American Crisis aka "The Crisis" cover

American Crisis aka "The Crisis"

Thomas Paine (1737-1809)

1. Editor's Preface
2. Crisis I, These Are The Times That Try Men's Souls
3. Crisis II, To Lord Howe
4. Crisis III, Part I, In The Progress Of Politics
5. Crisis III, Part II, In The Progress Of Politics
6. Crisis IV, Those Who Expect To Reap The Blessings Of Freedom
7. Crisis V, Part I, To Gen. Sir William Howe
8. Crisis V, Part II, To The Inhabitants Of America
9. Crisis VI, To The Earl Of Carlisle and Gen. Clinton
10. Crisis VII, To The People Of England
11. Crisis VIII, Address To The People Of England
12. Crisis IX, Had America Pursued Her Advantages
13. The Crisis Extraordinary On The Subject Of Taxation
14. Crisis X, On The King Of England's Speech
15. Crisis XI, On The Present State Of News
16. A Supernumerary Crisis, To Guy Carlton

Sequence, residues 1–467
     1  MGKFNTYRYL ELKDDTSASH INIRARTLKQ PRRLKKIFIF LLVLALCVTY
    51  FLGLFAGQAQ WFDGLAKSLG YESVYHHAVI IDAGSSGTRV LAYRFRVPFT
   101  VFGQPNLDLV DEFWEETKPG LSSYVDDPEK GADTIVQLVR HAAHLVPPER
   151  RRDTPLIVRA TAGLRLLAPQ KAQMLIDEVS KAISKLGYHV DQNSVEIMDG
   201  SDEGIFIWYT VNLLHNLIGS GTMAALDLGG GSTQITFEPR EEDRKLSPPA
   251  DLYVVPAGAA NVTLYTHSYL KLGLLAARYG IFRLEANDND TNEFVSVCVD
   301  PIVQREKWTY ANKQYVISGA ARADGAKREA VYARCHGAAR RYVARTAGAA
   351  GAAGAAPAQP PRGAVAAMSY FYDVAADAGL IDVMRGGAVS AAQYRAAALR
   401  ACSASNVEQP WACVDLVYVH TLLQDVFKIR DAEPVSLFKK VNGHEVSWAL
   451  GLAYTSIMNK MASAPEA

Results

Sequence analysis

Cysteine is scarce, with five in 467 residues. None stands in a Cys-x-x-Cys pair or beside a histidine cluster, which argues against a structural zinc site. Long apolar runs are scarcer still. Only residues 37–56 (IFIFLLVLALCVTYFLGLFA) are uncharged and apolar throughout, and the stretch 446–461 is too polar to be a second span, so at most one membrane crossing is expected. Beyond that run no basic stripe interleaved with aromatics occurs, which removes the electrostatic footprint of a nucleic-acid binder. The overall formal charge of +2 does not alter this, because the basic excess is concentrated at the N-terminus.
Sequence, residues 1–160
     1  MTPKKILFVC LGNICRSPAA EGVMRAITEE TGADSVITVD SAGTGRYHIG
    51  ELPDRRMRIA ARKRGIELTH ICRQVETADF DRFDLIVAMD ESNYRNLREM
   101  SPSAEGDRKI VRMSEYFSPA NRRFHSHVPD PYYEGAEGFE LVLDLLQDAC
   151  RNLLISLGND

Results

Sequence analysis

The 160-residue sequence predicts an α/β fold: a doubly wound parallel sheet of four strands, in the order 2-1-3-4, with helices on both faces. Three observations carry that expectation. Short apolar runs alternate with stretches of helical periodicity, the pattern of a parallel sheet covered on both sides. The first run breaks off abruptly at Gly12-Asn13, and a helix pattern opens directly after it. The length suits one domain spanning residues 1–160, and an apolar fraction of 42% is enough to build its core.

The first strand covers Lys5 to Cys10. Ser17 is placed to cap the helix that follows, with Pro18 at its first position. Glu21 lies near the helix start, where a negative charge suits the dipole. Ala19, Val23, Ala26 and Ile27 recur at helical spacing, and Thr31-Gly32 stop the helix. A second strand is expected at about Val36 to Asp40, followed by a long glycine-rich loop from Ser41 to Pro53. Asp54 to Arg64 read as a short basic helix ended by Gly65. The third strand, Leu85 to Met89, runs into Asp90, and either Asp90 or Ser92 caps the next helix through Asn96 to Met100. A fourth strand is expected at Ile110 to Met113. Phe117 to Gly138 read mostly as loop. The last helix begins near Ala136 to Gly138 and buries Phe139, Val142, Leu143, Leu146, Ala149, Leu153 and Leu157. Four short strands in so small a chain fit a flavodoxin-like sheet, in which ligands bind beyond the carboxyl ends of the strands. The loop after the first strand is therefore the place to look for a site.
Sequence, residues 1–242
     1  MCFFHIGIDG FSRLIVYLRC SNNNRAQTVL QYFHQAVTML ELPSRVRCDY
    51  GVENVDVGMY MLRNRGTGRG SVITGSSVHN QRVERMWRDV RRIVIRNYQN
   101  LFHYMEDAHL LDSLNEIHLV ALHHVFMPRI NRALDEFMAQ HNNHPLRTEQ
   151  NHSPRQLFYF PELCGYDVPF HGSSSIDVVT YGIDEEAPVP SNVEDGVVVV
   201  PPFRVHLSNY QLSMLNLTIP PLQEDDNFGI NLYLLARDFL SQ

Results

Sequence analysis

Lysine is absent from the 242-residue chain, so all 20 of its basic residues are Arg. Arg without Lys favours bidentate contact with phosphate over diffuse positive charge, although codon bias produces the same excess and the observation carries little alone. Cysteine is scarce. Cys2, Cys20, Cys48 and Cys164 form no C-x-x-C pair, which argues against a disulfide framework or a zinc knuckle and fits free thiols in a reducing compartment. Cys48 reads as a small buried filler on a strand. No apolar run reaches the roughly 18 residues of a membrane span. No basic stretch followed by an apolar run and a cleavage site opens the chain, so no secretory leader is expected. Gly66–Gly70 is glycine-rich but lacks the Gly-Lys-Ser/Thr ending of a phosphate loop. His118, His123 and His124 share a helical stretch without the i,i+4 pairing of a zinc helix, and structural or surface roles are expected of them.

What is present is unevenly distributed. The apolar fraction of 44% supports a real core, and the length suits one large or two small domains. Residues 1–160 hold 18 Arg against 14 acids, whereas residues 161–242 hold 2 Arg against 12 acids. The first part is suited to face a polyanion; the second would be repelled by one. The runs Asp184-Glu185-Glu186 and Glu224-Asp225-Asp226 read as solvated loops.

17. Crisis XII, To The Earl Of Shelburne
18. Crisis XIII, Thoughts On The Peace, And Probable Advantages Thereof
19. A Supernumerary Crisis: To The People Of America

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    Summary

    A 13 pamphlet series by 18th century Enlightenment philosopher/author Thomas Paine, published between 1776 to 1783 during and immediately following the American Revolution, gathered into one volume in 1882 by Moncure D. Conway. Each essay, plus 2 inserts, bolstered the morale of the American colonists to fight hard for their independence, appealed to the English to support the colonist's cause, clarified the issues at stake, and denounced any type of negotiated peace. Replete with quotable quotes, the first pamphlet, Crisis I, begins with the now-familiar words "THESE are the times that try men's souls. The summer soldier and the sunshine patriot will, in this crisis, shrink from the service of their country; but he that stands it now, deserves the love and thanks of man and woman." Paine, an Englishman living in the colonies, signed his pamphlets anonymously as "Common Sense." ( Michele Fry)